Leave foreign policy to Washington, protect Miami’s assets
Miami doesn’t need a foreign policy. Our federal government alone is allowed to set policy for dealings abroad. Yet city commissioners are talking of establishing their own.
The multi-layer question before commissioners today (5/23) is whether any law firm that has a lawyer who has a client that has some business interest with any person or company in Cuba or with Cuba’s government can also do business with the City of Miami.
That’s at the heart of what’s being debated, though it’s totally unrelated to the formal issue on the table, which is to hire a powerful law firm to help the city in a big deal.
The city is trying to hire the best consultant to help taxpayers in a deal to lease out the city’s Melreese Golf Course for a massive development that will include a soccer stadium. The other side will, of course, have great talent on its negotiating team in a multi-billion-dollar project, and the city administration recognizes correctly that it also should have top guns.
The better advice the city gets, the better taxpayers will be protected. Without top advice, the city will get steamrolled, as usually happens when city attorneys who aren’t skilled in development face off with experts who make their living at it.
Yet a single commissioner, Manolo Reyes, is seeking to be gatekeeper, ruling out any advisory firm, however qualified, that has any remote connection to anything related to Cuba.
“I’m sending a message…. If I get criticized, I don’t care,” Mr. Reyes told fellow commissioners in stalling debate on the issue this month. Now it’s back for Round Two.
We’re sympathetic to the concerns of Mr. Reyes. For all the right reasons, few people in Miami have fondness for the regime in Cuba.
But in a free country we also don’t like autocratic requirements that people be politically correct in order to deal with their own city hall. Mr. Reyes would have us all toe his personal political line in order to deal with the City of Miami. That’s wrong.
Further, in trying to make the rest of us toe his line, Mr. Reyes is shooting himself in the foot. He doesn’t like the golf course deal (he’s right – it would lead to a big-time loss of green space, and there was no bidding) and he wants commissioners to vote well before the November election, in which he will stand as a candidate. Yet he is making it hard for the city to get consulting help to speed talks to get to a lease vote.
The city called for firms that have a record of dealing with huge projects, especially firms that have dealt with stadiums. It got 16 candidates. The administration chose a national firm with offices here, but Mr. Reyes said he thinks the firm deals with Cuba – which the firm denies. He said any firm dealing in any way with Cuba is out, period.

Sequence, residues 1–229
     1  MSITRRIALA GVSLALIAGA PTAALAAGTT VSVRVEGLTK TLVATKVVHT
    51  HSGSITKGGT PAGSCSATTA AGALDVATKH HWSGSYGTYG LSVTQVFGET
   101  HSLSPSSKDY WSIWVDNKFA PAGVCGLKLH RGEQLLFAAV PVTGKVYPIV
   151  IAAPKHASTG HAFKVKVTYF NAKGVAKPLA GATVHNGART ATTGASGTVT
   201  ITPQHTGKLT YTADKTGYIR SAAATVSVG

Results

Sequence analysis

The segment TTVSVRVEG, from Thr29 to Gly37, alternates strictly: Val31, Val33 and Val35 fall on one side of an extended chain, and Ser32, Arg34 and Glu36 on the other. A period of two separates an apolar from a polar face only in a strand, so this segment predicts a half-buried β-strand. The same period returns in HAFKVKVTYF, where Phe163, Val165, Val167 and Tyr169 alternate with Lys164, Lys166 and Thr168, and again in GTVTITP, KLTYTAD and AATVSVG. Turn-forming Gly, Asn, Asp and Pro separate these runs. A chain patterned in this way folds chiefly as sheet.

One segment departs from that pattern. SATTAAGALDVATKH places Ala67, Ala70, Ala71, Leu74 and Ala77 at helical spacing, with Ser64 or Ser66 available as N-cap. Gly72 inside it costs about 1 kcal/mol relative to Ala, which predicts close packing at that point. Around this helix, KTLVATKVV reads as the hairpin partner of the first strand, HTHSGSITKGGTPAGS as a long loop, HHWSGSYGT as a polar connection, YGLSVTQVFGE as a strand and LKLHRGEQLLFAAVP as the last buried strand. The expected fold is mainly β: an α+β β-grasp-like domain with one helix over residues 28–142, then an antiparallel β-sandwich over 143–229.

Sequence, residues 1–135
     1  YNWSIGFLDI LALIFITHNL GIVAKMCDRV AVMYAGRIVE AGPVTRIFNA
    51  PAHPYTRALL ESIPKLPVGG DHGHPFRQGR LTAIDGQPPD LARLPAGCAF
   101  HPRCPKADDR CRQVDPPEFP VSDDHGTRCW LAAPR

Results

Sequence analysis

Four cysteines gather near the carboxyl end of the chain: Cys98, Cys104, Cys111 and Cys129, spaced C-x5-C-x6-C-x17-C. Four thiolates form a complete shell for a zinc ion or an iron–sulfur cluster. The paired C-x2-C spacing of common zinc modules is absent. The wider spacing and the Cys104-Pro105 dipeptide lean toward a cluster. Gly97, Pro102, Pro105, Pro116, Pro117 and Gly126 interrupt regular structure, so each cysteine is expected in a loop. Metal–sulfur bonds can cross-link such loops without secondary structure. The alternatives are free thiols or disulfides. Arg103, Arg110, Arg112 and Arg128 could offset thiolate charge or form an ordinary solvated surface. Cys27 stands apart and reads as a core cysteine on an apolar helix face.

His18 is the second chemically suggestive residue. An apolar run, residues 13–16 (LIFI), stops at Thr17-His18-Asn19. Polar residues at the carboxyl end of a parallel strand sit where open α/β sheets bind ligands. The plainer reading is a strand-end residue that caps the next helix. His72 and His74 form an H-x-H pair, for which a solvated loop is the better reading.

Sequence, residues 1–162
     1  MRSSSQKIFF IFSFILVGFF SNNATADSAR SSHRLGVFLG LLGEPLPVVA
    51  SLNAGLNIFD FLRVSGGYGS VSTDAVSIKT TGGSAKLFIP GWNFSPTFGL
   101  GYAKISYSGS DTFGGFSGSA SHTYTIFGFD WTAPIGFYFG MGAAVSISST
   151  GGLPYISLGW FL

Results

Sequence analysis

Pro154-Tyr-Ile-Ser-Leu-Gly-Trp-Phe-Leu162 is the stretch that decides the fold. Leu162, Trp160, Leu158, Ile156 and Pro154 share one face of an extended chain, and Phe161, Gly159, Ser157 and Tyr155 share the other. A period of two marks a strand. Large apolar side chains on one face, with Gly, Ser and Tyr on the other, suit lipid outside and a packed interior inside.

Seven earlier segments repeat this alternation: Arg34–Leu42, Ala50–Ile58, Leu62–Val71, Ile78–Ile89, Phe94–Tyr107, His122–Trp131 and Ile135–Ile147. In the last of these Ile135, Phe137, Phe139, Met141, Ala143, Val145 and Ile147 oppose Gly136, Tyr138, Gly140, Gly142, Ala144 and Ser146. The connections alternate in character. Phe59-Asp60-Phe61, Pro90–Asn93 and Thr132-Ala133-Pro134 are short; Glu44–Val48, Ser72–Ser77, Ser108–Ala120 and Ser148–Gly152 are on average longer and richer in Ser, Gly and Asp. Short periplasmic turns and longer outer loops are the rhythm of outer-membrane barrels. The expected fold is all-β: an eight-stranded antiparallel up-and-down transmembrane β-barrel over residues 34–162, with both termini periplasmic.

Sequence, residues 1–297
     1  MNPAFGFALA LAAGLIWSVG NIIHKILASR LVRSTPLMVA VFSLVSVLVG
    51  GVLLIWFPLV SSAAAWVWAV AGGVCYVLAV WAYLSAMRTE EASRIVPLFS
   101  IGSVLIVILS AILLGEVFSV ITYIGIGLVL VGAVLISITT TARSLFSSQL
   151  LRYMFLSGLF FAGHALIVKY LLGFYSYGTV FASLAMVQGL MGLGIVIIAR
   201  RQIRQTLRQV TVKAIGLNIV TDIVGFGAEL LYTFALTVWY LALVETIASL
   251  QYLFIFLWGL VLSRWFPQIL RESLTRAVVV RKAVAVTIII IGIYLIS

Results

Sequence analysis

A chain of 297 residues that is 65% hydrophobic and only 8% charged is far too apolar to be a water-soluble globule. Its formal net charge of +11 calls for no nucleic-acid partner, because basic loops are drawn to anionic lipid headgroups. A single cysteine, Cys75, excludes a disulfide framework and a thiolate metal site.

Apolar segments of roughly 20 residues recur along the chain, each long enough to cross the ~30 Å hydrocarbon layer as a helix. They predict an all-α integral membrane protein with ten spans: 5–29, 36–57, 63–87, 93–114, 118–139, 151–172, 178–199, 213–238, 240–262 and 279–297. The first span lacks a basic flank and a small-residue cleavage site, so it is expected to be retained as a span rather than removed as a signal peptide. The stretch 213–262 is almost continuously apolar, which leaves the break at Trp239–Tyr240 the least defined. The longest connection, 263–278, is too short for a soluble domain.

In Miami, that’s likely to rule out any large or mid-size law firm. All probably have at least one attorney dealing with some company or individual who has some interest in Cuba, be it looking for compensation for property seizure or looking at doing business there after the regime changes. Thousands of Miamians fit those two categories, neither of which seems to be in the pocket of the present Cuban government but both of which would be outlawed under Mr. Reyes’ criteria.
This isn’t the first time that government here has set up a Cuba policy. Five years ago the courts slapped down a Florida policy that prohibited companies from bidding on any state or local government contract if they also did business in Cuba or Syria. If it came to it, the courts probably would strike down Mr. Reyes’ dictum too, if the city actually were foolish enough to adopt it.
Earlier local Cuba policy kept out of the county an international track & field meet, a chance to host the Pan American games, a business deal with Spain (because that nation does business with Cuba) and the first-ever Latin Grammys, among examples of what Miami does not need to do.
More recently, we lost out on the vast Airport City development because a subsidiary of the Brazilian developer did work in Cuba.
This community holds itself out to businesses, investors and residents from around the globe. The Beacon Council courts them. The Greater Miami Convention & Visitors Bureau tries to lure tourists from everywhere. We call ourselves a global city.
How does that stack up with a city with its own foreign policy of exclusion, not inclusion? Not well.
How would the City of Miami decide who really does business with someone who has some interest in Cuba? Is there a special anti-Cuba audit, or does Mr. Reyes, as he did in this case, simply feel that he knows who is out, no matter what they say?
If we follow the Reyes principle, we simply exclude any law firm with any work abroad and find lawyers who do only home closings or traffic cases or personal injury work. They won’t help much against the firepower of the Mas family in the Melreese deal, but they’ll pass the Cuba litmus test.
Much as we detest Cuban communism, we don’t see what it has to do with getting the best consultants for the city to minimize the Melreese swindle. Nor do we see what business it is of the City of Miami how its hired consultants feel about Cuba.
Leave the foreign policy to Washington and protect Miami’s assets at home.